Children returning to one parent after being with their other parent for a few days, can be one of the most challenging times for parents and children alike. For many parents who have experienced relationship breakdown, keeping the emotional fallout separate from their co- parenting responsibilities can be extremely difficult.
Whether conscious or unconsciously done, it is not only the words we use but body language and intonation that give children messages about whether its ok to be with their other parent.
The ex-couple relationship that exists post separation determines the creation, trust and on-going co-parenting relationship and whether the children have a smooth transition from nuclear family to separated co-parenting.
Below are some strategies for helping parents and children when transitioning between homes.
Try hard to make it ok for children to see their parent despite how you might feel about them.
Try to be enthusiastic about their time away without interrogation, on their return. If they don’t want to talk about it, that’s fine.
Remember your children, no matter how old they are, will only know and love you as mum and dad (mum and mum, dad and dad), they do not need details of why and how your relationship broke down. This causes them distress and put them under huge pressure to try and make each of you better.
Make sure that you are always ready and prompt for pick-ups and drop-offs, even if the other parent isn’t.
Be civil to the other parent, even if it is just to say hello, remember your children are conscious of what’s happening and will be adapting their behaviour accordingly. What you are showing them is how to treat men and women, and that despite your separation you can still be civil to the parent they love.
Children often make the connection that they are made of half of mum and half of dad, therefore if dad doesn’t like mum, does that mean dad doesn’t like them?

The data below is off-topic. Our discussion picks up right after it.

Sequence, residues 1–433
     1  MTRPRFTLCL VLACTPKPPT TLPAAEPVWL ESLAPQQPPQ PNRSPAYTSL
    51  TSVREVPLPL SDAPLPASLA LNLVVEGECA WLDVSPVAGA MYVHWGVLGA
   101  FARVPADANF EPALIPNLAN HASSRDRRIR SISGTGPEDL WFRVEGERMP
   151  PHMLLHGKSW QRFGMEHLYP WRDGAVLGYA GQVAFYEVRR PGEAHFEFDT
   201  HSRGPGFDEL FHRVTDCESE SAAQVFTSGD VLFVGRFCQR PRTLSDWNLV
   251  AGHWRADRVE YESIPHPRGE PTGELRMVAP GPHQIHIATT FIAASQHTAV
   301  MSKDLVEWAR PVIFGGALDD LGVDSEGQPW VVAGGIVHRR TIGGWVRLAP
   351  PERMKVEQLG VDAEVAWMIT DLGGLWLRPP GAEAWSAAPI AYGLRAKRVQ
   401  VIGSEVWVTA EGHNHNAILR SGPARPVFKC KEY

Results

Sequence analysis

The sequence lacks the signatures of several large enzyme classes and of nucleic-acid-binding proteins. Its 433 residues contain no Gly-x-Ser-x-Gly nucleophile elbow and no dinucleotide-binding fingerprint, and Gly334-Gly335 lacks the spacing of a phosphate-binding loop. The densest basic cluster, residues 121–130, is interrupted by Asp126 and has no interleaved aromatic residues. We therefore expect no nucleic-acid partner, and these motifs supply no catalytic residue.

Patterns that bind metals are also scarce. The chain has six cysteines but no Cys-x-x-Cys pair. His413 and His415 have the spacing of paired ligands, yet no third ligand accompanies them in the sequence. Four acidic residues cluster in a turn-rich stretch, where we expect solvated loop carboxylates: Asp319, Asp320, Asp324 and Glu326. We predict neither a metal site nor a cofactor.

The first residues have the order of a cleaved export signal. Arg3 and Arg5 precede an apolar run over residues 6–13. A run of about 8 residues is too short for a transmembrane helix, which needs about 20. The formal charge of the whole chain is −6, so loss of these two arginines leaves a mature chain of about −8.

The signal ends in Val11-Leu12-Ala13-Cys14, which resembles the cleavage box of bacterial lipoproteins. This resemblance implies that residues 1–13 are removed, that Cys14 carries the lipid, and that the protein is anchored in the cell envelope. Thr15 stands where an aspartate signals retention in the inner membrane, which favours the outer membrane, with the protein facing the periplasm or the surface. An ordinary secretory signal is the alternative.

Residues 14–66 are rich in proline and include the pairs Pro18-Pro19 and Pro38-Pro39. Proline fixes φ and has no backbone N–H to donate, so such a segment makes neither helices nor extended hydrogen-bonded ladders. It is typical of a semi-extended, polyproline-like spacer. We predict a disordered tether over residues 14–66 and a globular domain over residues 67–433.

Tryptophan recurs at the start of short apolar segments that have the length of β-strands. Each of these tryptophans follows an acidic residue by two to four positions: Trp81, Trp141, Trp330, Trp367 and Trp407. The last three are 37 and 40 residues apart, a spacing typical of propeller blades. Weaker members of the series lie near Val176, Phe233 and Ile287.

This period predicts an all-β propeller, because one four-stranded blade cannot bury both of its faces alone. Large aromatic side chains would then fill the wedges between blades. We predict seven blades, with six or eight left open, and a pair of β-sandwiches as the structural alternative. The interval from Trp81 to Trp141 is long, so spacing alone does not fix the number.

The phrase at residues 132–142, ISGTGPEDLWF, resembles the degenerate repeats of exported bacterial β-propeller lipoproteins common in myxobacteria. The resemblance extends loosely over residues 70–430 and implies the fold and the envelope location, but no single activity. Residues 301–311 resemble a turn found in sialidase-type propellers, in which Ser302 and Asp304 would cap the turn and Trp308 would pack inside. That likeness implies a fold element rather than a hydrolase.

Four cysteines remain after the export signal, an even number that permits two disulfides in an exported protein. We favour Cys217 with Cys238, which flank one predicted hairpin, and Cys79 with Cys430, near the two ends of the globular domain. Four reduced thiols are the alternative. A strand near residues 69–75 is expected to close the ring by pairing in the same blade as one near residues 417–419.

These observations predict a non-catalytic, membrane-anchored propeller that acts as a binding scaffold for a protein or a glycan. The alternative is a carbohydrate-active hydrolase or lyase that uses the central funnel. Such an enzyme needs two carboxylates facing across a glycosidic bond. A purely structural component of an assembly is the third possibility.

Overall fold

Thinking positive thoughts might seem an odd thing to do but research shows that if you think “everything is going to go well at this ‘drop off/pick up’ then often it will be.
Refuse to get into conversations with the other parent that might escalate during handovers, even if the other parent tries to. An argument can only happen when two people engage. Be assertive and perhaps say, “let’s talk about this later.”
If handovers are difficult at home, arranging them in public places can help. It’s hard to misbehave in public.
Try to keep it calm at home prior to leaving/returning and think positive thoughts, it really does make a difference. If children ‘pick up’ the feeling from one parent that it’s not ok to see the other parent, they will either consciously or unconsciously change their thoughts and behaviour to make everything alright for the parent they are leaving behind. This sometimes might result in them saying they don’t want to go. That doesn’t mean, they don’t want to go. Let them know that you are going to be ok and that you have lots planned, children can feel guilty for leaving one parent behind, especially if they end up having fun with the other parent.
If you are driving to collect or ‘drop off’ be happy and enthusiastic about what’s coming, it allows them to really look forward to seeing their other parent.
When you arrive to collect your children, get out of the car and go to meet them, be on time, and try not to swap and change dates too often, this helps to build trust with your ex partner and the children.
Be fair when arranging timetables for week days with each parent and holidays including Christmas, Easter and birthdays. Children have an innate sense of fairness and they want to spend time with both parents.
If you feel out of your depth seek professional help from a therapist.
Recommended Books – we asked parents and professionals to recommend books they have used to support parents and children through separation.
Posted on March 26, 2020